What did you learn about the method of how food is grown and how this method is destroying the earth and our health?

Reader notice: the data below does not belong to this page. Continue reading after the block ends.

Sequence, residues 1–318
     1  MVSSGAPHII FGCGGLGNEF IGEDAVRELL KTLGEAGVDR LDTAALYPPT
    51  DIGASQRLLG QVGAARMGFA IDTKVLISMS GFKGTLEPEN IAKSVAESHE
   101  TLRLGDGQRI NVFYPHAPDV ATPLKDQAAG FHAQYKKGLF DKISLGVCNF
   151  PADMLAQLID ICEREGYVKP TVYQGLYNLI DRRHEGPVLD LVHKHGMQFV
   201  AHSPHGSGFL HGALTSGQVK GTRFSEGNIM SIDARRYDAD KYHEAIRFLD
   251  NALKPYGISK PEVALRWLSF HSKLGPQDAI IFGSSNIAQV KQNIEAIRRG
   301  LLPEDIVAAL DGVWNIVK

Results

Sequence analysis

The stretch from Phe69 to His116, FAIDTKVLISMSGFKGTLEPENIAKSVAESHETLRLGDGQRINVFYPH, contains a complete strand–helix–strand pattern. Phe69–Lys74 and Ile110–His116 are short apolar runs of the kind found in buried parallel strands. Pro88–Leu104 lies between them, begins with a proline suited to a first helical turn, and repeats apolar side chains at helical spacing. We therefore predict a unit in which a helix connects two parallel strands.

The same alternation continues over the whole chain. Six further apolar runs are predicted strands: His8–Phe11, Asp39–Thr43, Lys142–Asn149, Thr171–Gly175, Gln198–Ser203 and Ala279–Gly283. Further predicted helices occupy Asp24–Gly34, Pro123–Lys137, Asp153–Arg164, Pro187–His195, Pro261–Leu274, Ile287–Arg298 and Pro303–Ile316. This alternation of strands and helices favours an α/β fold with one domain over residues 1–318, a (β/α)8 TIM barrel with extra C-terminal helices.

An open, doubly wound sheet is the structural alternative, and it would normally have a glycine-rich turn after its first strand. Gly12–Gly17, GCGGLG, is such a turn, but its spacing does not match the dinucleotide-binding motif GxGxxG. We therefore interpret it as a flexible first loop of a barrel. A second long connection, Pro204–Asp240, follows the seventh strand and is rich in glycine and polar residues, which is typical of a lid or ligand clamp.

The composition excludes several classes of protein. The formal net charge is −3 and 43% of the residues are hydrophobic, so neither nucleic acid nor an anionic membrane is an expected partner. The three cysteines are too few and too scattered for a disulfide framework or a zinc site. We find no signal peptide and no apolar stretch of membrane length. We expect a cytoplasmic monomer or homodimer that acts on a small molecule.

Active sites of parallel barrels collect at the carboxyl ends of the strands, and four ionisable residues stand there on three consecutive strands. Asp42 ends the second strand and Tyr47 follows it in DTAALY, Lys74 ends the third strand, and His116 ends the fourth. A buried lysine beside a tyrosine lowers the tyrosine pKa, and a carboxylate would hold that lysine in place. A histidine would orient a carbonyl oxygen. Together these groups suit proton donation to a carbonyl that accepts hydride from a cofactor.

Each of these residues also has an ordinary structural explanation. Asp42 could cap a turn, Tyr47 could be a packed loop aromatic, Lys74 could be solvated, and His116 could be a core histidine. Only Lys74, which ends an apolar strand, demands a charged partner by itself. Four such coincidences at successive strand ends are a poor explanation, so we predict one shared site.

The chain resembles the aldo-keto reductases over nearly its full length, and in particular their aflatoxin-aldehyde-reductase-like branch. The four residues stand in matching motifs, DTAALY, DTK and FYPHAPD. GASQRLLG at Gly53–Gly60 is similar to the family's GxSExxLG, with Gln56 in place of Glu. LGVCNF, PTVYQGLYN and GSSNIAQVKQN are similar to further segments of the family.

From my travels I've learned a lot With mono-agriculture where one type of crop is grown, the soil is destroyed and the biodiversity not only in plant life but in insect life and wildlife is destroyed all over the world. Here in the US you see corn or soybean. Soybean is a little bit better just because it kind of helps the soil. Still, when you're just growing one crop there's nothing for the bees to feed on. This typically ends up destroying forests and acres of lands which contributes to destroying wildlife. I keep hearing the reason for doing mono-agriculture and doing industrial agriculture is to feed the world. The population is increasing, so this is the only way that we can feed the world. But what I'm learning is that these actual industrial ways of growing are destroying local farmers' capability to compete or make a living. Then they are dependent on Food Aid, which supplies all these mono-agriculture crops like rice which is low-nutrient, corn and beans. Instead, the farmers could be growing a whole bunch of different varieties locally and be able to feed their community. This doesn’t happen because the farmers can’t compete because the Food Aid floods the local markets.